So, how do you really solve the case of very poor fishing on Brantry Lake?
In the opening week, there were over twenty anglers on the lake. I rang the Department of Culture, Arts and Leisure the next morning and read them the riot act, as did others, about the poor fishing.
My words were heeded as the lake was stocked with 1,000 brown trout - yes, 1,000! Since no anglers knew about the stocking, I only saw six anglers when I visited.
When trout are stocked from fish farms, the best advice is that it’s best to wait until the second day. That was proved right the next Tuesday when there was a buzz on the lake.
Sadly, after the first poor week, only a few anglers were interested and, as K said, they were catching some good brown trout. Any fly or lure would have caught a fish.
And my good friend, Jim McMenemy from Springdale, has his four fish in no time, as did Conor Toner from Lurgan.
I had a good chat with Eamon Toner from Armagh about the Brantry and he said it’s the best trout fishery in the province.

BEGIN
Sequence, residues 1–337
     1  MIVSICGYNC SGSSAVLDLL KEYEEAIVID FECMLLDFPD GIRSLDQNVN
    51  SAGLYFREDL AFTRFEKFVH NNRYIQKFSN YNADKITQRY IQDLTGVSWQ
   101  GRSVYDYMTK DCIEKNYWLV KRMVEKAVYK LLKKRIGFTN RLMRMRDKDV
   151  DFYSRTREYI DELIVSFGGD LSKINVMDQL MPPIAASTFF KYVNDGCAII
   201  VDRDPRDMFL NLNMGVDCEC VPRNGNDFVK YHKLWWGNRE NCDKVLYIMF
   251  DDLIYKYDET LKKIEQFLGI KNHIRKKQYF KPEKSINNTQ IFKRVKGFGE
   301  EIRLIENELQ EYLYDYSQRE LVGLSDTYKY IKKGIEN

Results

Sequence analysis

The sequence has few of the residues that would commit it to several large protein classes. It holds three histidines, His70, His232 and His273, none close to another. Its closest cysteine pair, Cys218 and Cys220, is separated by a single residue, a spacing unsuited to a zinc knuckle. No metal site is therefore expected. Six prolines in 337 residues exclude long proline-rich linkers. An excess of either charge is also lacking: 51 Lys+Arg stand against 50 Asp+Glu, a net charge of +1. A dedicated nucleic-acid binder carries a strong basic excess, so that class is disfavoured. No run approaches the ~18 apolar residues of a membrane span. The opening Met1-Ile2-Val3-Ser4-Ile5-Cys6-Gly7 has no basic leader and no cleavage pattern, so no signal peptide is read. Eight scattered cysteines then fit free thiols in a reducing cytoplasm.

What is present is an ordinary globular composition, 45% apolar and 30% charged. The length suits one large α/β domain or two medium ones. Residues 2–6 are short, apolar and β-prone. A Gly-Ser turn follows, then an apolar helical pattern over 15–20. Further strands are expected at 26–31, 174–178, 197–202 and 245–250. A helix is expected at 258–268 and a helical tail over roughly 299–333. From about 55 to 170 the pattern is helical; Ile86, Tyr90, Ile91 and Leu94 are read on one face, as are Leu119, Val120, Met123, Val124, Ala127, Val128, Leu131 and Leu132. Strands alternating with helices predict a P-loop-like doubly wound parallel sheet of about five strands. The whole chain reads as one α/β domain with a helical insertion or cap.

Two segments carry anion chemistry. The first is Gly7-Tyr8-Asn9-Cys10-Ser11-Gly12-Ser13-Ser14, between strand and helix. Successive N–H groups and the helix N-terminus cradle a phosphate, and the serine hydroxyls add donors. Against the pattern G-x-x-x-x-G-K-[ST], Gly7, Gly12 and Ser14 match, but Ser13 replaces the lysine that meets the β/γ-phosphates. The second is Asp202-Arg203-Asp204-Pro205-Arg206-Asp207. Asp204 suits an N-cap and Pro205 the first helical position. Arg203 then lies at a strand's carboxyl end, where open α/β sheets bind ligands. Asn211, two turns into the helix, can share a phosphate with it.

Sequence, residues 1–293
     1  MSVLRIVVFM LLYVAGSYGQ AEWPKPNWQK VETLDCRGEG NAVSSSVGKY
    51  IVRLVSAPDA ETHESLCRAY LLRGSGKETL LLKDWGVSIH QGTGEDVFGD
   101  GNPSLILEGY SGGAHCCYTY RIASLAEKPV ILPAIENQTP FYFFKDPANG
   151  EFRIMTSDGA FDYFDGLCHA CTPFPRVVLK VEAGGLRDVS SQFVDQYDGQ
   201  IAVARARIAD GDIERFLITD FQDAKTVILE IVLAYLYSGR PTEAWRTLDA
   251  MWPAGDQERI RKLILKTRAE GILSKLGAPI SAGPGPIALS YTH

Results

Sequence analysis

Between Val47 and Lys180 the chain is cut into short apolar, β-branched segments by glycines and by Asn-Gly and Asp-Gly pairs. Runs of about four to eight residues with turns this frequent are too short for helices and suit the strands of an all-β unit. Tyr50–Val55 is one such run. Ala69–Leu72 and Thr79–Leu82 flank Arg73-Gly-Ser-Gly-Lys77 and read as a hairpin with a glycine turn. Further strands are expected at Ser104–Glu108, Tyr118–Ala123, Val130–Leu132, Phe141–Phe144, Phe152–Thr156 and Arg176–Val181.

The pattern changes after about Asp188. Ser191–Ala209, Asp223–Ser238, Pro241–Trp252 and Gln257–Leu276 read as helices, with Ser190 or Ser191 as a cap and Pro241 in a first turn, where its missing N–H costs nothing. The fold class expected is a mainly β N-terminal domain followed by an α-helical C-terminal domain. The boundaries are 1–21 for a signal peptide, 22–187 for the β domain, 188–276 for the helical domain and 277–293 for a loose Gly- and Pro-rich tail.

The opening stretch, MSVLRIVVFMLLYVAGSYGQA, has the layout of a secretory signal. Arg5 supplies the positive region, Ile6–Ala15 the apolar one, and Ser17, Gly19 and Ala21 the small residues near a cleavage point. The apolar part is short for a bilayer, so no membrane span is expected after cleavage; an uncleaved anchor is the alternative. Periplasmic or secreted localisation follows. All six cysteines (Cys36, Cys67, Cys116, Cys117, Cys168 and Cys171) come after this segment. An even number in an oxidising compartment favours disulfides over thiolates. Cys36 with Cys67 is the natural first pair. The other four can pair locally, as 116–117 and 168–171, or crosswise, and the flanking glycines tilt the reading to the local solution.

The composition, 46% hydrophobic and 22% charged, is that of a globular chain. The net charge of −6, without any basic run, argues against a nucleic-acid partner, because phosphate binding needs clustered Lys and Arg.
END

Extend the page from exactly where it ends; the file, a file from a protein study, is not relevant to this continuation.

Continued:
I have said the same and that is why I met officials on two occasions, this and last year.
Even if the anglers don’t catch fish again, at least they know the fish are there.
But the roach problem has to be sorted out in the short term, and that will start this November when the fishing season is over.
And there’s more good news; Whitelough near Aughnacloy was stocked with rainbow trout last Thursday and, as the weather is getting better, there is a chance that fishing will be good.
I will find out pretty soon as I will be fishing it.
I understand that a new angling club has been formed on the River Blackwater, both above and below Benburb.
This has got to be good news. Last year I saw bank works being carried out at Benburb and I can tell you that they appear to be very impressive. Finally, I am hearing some talk that Seagahan Dam has now gone back to Armagh Angling Club, but I will await for the official confirmation.